Note: You want to anticipate and capture their natural window of going to the bathroom. For example, if they’d usually go at 11:30, start heading to the bathroom 5-7 minutes prior.

If your child successfully uses the bathroom, give them the positive reinforcement right away (using the reserved, isolated reward). This should be as immediate as possible.

Especially in the beginning, there should be no delay in giving the isolated reinforcement reward, so they can quickly begin to understand that it’s why they’re being rewarded.

Note: This important step (starting with an instant reward for desired behavior) should not be skipped under any circumstances.

Encourage Their Involvement

Get your child involved in their regularly scheduled checks. Parents might start with intervals of just 15 minutes, then ask them to check if they’re dry. When still dry, they should be given verbal praise, such as, “Great job! You stayed dry for 15 minutes!”

It’s fine to also give small rewards for dry underwear checks in the beginning, but make sure the reward is different from the isolated reinforcer, which is to be given only when your child uses the bathroom. Over time, rewards here should be gradually reduced to just verbal praise.

4. Reset the Timer and Repeat the Process

Whether they used the toilet or simply sat on it for about 5 minutes, reset the timer and return to the bathroom with them after the predetermined set of minutes. It’s fine to slowly make time adjustments as needed. Ultimately, the goal should be to increase the intervals between checks and trips to 45 minutes or an hour.

As more successful bathroom trips are made, reinforcement for going #1 can be slowly reduced to verbal praise, and greater focus can be placed on going #2 in the toilet. Again, be sure to start by giving the reward immediately in response to the desired behavior.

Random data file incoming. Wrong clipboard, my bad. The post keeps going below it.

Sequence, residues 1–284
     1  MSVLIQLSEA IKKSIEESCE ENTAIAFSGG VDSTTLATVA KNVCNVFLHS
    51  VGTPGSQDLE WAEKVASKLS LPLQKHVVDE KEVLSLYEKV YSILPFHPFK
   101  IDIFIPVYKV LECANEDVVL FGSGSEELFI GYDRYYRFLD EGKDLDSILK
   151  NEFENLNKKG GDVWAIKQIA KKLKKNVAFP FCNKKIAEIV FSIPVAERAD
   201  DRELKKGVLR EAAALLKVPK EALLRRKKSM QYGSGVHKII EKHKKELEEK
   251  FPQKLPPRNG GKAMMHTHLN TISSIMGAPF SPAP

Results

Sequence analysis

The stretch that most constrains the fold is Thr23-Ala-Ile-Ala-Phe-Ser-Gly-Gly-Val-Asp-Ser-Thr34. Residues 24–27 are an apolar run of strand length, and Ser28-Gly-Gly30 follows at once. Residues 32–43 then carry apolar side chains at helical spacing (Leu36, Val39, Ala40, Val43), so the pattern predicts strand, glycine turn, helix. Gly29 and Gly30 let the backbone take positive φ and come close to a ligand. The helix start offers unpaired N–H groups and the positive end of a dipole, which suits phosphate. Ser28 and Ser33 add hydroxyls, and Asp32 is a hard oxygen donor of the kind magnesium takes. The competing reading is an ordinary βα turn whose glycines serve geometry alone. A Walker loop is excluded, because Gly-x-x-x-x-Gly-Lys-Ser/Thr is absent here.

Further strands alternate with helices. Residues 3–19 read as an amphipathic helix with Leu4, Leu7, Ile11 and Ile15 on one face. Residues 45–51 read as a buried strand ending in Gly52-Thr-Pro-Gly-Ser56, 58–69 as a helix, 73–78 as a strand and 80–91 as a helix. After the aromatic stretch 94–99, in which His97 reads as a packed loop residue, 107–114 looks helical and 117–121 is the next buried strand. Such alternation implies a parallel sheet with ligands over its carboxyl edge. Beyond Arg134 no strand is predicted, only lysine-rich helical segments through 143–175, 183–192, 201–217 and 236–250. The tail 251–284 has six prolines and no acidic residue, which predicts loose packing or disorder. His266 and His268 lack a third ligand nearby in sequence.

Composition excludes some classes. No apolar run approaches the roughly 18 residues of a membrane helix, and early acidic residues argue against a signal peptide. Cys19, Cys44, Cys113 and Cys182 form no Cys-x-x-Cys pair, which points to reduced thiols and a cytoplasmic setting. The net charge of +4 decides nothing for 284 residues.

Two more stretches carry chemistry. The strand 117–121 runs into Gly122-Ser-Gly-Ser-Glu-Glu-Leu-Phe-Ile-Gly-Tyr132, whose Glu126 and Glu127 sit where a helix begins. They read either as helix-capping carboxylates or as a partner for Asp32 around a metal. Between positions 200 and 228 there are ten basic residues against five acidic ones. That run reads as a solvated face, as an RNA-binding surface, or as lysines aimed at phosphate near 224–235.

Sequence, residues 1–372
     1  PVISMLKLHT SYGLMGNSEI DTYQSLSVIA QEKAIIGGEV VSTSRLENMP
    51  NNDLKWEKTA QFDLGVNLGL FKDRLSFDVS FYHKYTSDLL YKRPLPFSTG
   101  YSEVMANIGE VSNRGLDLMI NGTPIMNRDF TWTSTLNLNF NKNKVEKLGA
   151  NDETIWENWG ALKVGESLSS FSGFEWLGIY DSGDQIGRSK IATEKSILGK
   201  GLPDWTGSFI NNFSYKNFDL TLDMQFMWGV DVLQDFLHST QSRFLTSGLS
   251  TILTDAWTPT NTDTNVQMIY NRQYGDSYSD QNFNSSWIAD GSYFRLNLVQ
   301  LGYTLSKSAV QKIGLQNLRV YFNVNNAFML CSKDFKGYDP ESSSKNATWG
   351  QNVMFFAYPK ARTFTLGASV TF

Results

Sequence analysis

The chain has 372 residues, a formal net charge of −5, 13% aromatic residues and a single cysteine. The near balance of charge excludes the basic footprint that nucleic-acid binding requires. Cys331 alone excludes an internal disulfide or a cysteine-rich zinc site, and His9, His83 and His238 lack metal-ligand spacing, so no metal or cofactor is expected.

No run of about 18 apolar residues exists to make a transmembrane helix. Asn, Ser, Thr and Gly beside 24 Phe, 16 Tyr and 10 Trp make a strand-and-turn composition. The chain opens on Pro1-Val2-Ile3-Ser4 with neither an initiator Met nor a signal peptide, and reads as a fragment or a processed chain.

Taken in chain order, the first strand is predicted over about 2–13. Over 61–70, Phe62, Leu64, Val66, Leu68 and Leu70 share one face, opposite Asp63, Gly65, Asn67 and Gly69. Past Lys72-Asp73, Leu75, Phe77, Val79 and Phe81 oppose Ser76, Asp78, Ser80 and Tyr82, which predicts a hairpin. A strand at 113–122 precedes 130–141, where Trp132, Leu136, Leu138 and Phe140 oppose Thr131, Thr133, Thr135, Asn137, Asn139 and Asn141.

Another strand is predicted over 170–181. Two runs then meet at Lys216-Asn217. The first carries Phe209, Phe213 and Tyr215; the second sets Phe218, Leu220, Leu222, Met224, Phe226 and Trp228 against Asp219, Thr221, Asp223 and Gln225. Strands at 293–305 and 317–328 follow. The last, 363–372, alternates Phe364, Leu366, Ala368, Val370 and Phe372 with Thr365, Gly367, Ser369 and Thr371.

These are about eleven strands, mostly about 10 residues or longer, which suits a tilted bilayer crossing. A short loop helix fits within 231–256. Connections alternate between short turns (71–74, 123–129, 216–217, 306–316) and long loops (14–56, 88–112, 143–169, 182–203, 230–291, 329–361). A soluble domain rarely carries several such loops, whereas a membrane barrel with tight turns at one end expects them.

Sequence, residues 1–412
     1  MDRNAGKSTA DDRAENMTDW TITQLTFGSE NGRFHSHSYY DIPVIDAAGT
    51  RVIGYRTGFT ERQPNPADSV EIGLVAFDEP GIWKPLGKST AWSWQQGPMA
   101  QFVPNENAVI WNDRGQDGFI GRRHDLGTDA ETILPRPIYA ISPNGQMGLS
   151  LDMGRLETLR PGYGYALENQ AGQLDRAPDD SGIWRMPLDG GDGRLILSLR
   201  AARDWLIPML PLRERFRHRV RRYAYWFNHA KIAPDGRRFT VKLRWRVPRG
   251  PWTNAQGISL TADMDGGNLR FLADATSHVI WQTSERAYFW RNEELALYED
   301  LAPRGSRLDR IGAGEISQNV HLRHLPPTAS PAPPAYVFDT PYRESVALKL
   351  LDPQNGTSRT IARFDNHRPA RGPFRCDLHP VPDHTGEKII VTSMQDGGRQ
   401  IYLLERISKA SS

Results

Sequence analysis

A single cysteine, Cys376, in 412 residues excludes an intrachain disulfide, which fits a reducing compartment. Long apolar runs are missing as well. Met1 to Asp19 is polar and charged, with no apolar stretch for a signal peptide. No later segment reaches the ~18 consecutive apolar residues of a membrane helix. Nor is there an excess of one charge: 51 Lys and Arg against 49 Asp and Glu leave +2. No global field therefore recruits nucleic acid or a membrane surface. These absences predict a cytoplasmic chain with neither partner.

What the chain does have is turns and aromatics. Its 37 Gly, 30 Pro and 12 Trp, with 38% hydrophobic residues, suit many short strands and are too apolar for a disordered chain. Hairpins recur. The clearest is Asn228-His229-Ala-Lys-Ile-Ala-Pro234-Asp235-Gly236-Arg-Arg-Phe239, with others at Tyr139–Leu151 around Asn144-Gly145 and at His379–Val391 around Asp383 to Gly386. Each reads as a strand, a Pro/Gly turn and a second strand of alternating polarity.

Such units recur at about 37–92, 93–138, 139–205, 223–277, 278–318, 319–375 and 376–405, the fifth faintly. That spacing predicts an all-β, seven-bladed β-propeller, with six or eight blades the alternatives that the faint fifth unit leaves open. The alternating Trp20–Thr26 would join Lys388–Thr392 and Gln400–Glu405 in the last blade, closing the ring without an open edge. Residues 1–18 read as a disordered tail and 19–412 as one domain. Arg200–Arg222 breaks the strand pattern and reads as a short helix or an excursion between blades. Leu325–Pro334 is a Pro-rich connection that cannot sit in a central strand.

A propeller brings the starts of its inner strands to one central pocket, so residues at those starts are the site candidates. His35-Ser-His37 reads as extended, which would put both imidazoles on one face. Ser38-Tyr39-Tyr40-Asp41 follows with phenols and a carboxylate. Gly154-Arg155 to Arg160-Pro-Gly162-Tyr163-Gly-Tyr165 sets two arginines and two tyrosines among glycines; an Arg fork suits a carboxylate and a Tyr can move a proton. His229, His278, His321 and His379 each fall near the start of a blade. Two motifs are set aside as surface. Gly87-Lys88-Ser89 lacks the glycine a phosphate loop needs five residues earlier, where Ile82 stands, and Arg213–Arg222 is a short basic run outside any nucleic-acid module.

ABA for potty training of 10 months.

5. Dealing with Accidents

Accidents are bound to happen. When they do, parents should have already selected their approach for how to handle them.

There are two primary methods to choose from:

A. Overcorrection Procedure

This strategy involves telling the child “No,” instructing them to use the toilet, and walking them back and forth to the bathroom several times before cleaning.

B. Excessive Cleaning

With this method, the child handles cleaning up all of the mess while the parent is present and supportive.

Negative Reinforcement and “Punishment”

Regardless of the method selected for handling accidents when you potty train a child, it’s always helpful to involve them in putting on their clean clothes afterwards, so they can more rapidly associate accidents with the extra work that they place on them.

While it may be tempting to simply deal with the mess yourself, consider the following self-inquiry: “If my child has an accident and I do all the work, what is the lesson they are learning?”

The takeaway here is that children should be discouraged from having accidents. By allowing them to observe some of the inherent “punishment” elements that accidents entail, they can more quickly and naturally become motivated to use the bathroom instead.


Before you even decide to embark on the journey to potty train your child, be sure you can commit at least 3 weeks of placing focused attention on the goal. That means accounting for extra work and costs, along with avoiding any major, foreseeable interruptions. It bears repeating here that consistency is a must.

Next, collect information to help with accurately timing your child’s bathroom trips before replacing diapers and pull-ups with underwear, and keep extras at the ready. 

Watch your kid’s food and drink intake and use isolated reinforcements to help shape their behaviors. It’s a lot of work, but when you commit to the process from beginning to end, success is absolutely attainable!

ABA for potty training with parents

Wrapping Up

With this useful information in your parenting toolkit, you’ll be better prepared to address this big behavior change with your child. You’ll get them fully potty trained with as few obstacles as possible, building them up on a wave of positive reinforcement – and perhaps most importantly, your glowing approval.

Fast Track ABA Center provides a wealth of resources to assist in fostering ongoing achievements, including building essential personal and life skills for individuals with autism.

If you’d like to learn more about how to potty train a child using science-backed intervention methods, look no further than Fast Track ABA Center. For additional support and personalized guidance using ABA-based strategies, reach out today for more information on all we have to offer you and your child.